July 28, 2016 | Authored by: Vindicia Team Blogs
How to communicate a change in policies
"The subject line of your email should grab attention."
This is the easiest and most efficient way to inform the maximum number of customers. The subject line of your email should grab attention - statements like "Notice" or "ToS Update" are appropriate. The body of the message should contain formal language so people know to take the announcement seriously. You can be casual if it suits your demographic, of course. For example, Snapchat, whose user base is made primarily of teens and young adults, released an easy-to-read, jargon-free statement announcing their updated Terms of Service.
Social media is great for customer engagement and interaction. Schedule periodic announcements for times when your profiles see the highest number of viewers, whether that's during the morning commute, lunch or after work. This also provides a platform for customers to ask questions before any changes take place.
Every page of your website should have a distinct notice that alerts people to changes in your policy. You don't want this notice to take up too much space on the page, however, and you still want online visitors to easily find the information they need. A simple banner above the top navigation or one that stays as the reader scrolls down the page will suffice. This banner should let people know a policy change is taking place, list the date the changes will go into effect and provide a link for customers to learn more.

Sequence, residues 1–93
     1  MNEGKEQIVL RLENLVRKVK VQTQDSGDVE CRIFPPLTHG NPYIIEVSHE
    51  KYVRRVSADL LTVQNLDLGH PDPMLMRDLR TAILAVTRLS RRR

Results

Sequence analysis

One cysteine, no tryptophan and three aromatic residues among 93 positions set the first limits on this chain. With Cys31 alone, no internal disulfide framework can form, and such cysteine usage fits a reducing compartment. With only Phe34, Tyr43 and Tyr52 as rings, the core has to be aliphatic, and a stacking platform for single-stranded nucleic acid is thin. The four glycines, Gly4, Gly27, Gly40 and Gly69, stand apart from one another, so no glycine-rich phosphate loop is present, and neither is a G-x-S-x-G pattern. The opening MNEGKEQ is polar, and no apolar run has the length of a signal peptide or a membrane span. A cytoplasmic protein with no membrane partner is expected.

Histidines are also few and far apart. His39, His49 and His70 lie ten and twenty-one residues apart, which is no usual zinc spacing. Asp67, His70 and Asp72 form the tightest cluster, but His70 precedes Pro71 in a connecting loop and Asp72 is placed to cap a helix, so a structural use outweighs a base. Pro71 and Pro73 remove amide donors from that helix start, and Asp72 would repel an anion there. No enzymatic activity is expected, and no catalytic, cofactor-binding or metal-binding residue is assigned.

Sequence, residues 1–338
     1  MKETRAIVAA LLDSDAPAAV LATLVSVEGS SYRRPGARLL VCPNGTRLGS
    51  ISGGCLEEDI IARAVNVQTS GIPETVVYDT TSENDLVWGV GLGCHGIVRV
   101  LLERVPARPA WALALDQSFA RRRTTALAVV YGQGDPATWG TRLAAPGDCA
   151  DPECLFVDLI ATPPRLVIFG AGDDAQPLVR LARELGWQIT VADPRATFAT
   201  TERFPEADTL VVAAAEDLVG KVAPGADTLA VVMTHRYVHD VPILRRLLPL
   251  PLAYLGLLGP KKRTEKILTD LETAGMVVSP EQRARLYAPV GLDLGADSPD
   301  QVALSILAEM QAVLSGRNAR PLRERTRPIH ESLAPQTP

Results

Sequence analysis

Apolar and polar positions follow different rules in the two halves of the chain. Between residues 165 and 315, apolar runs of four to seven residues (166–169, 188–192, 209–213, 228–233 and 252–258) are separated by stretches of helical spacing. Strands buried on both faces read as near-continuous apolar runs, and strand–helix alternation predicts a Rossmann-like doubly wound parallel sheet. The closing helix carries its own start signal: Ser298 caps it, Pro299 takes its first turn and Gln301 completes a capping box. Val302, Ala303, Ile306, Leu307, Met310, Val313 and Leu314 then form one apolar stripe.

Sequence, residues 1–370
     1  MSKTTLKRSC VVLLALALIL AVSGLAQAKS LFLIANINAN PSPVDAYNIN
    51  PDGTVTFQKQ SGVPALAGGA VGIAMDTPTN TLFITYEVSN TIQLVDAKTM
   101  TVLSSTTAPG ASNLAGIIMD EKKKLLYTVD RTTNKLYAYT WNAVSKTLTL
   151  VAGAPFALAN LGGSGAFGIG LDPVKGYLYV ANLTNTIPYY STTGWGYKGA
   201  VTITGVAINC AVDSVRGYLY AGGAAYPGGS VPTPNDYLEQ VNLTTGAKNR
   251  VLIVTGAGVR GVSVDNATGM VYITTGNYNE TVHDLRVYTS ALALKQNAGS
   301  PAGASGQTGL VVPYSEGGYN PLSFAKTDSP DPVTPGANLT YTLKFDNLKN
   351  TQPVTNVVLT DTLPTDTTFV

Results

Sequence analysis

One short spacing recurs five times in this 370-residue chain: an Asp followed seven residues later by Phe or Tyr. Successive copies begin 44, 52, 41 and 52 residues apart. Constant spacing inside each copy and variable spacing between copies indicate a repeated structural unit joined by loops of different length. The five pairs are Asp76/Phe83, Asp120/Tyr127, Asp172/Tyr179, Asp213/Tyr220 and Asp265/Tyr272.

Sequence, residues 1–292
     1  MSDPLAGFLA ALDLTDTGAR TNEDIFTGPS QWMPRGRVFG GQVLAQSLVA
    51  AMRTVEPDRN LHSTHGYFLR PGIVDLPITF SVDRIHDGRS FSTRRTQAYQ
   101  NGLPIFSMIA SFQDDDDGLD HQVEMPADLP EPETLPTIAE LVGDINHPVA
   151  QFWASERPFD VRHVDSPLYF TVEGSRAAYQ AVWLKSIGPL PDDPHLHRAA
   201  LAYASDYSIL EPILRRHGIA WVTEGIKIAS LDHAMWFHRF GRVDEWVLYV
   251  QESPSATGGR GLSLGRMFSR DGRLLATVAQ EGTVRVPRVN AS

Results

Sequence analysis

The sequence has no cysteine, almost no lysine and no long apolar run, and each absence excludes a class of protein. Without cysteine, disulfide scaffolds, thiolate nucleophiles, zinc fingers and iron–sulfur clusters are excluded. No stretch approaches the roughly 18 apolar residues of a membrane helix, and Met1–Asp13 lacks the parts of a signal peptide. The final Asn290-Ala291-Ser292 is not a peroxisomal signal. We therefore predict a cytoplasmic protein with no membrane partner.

Whether you bill customers by email or through the postal system, adding a quick note to each statement helps reinforce any policy changes and keeps them at the forefront of customer's minds.
Choose what method is best for your customers
As CIO.com indicated, the best channel for communicating with subscribers is whichever one they prefer most. No channel works best for everyone, so be sure to ask each customer which method of contact they prefer.
Overall, your messages must be clear and transparent. Hiding aspects of your new policies you think will be poorly received might sound good in theory, but it's also very risky. Customers who find these hidden elements only lose trust in your business and will likely cancel their contracts or subscriptions.
Additionally, it's always good to provide value in every message sent to your customers. Reinforcing the benefits of your service, providing usage tips and more all increase engagement with your organization.
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